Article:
Many modern Indian novels deal with specific political issues. O. V. Vijayan’s Gurusagaram (in Malayalam) is set against the backdrop of the Bangladesh war and the growth of the Naxalite movement. Novels dealing with issues such as the antireservation agitations, terrorism, and various reformist movements are many. However, the very topicality which adds to the relevance of such works also often makes them ephemeral, unless they are anchored by a more enduring component, as is the case with Gurusagaram, for example, in which the strong element of spirituality has a broadening and universalizing effect.

The intricate web of family relationships, especially in a joint or extended family, has perpetually interested Indian writers. Exploration of these relationships as literary themes continues in modern Indian fiction with undiminished vigor, although the nature of the issues dealt with may have changed in response to the current social situation.

Harmony within the family has been an ideal traditionally cherished by Indian writers. In the early decades of the century Premchand and Sara Chandra had come down heavily on those who sowed seeds of dissension in the family for selfish ends. The discomfiture and ultimate rout of such people is gleefully presented in many of Sara Chandra‘s stories. Later, Rajendra Yadav’s Hindi novel Sara Akash became the definitive study of the pains and pleasures of living in a joint Indian family. Sara Akash is a triumph of modern Indian fiction in its graphic and sensitive portrayal of the close, convoluted, sometimes stifling nature of family relationships in a joint middle-class Indian family, the petty envies and intrigues, the perpetual bickering, and also the warmth, the affection, the magnanimous self-sacrifice.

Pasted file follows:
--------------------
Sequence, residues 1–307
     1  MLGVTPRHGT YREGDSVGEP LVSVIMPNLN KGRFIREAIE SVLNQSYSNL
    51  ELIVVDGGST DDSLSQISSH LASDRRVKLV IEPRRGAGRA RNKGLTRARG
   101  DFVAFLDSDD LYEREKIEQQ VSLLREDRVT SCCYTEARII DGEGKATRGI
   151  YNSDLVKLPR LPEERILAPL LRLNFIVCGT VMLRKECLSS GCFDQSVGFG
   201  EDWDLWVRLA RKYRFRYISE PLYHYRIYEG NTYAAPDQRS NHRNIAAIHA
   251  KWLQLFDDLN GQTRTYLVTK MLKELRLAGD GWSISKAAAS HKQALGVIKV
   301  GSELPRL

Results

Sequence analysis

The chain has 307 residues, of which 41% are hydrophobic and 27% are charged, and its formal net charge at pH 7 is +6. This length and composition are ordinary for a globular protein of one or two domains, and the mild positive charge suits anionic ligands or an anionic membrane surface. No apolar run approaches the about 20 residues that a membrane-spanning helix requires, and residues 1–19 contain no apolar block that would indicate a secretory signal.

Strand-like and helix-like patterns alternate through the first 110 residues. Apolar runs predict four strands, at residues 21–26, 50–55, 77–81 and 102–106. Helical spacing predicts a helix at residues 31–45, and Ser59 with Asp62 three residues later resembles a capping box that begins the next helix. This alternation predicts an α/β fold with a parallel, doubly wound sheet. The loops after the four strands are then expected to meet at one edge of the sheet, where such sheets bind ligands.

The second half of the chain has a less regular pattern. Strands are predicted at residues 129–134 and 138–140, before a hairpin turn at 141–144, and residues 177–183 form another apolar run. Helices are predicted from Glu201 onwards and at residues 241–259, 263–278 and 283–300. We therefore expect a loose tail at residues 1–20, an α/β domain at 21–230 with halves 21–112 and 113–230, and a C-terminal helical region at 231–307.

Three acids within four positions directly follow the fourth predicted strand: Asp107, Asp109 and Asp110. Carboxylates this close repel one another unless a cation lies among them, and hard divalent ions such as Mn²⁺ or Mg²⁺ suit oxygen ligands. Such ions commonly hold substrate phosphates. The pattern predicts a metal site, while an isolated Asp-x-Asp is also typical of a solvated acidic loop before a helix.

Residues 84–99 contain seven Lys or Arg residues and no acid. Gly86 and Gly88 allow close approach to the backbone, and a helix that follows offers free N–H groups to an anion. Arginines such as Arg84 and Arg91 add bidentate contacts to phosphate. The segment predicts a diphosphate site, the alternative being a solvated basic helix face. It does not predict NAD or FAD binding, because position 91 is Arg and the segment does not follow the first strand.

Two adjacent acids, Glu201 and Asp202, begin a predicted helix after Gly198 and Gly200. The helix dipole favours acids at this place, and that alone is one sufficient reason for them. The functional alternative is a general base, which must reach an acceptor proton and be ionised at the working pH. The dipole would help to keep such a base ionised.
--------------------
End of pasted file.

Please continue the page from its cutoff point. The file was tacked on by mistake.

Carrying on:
Although interest in problems of the joint family system has remained unabated in recent Indian fictional works, the treatment has become much more serious, even somber. Whereas the earlier writers had often dealt with family discord in a more or less light vein, bringing out its comedy, writers in recent years have tended to treat it with solemnity, showing a brooding concern with its darker aspects. In Punjabi, Ram Sarup Ankhi and Inder Singh Khamosh have dealt with dissensions in family relationships and brought out how greed and selfishness of individuals lead to disintegration of the family. Stories of the domineering mother-in-law and the bullied daughter-in-law have been extremely common in Indian fiction, Prabhas Kumar Choudhary’s Sheetyuddha (Cold War) in Maithili being a fine recent example. But now the reverse side of the relationship, with sons and daughters-in-law showing, in their headlong pursuit of the pleasures of life, callous disregard of the welfare of the parents, is also being explored. The breakup of the joint family under the impact of modernization and economic pressure has bred a new and major social problem: the insecurity and widespread neglect of the elderly. Stories dealing with the plight of old people left destitute and emotionally insecure crowd the pages of fictional works in many Indian languages. The generation gap and the problems of old age have been vividly presented, for example, in Homen Borgohain’s Assamese novel Asta Rag. The author himself says: “In the past, old age was not like this. People were afraid of death, but not of growing old. But now there is a change and man is afraid of growing old, not of death.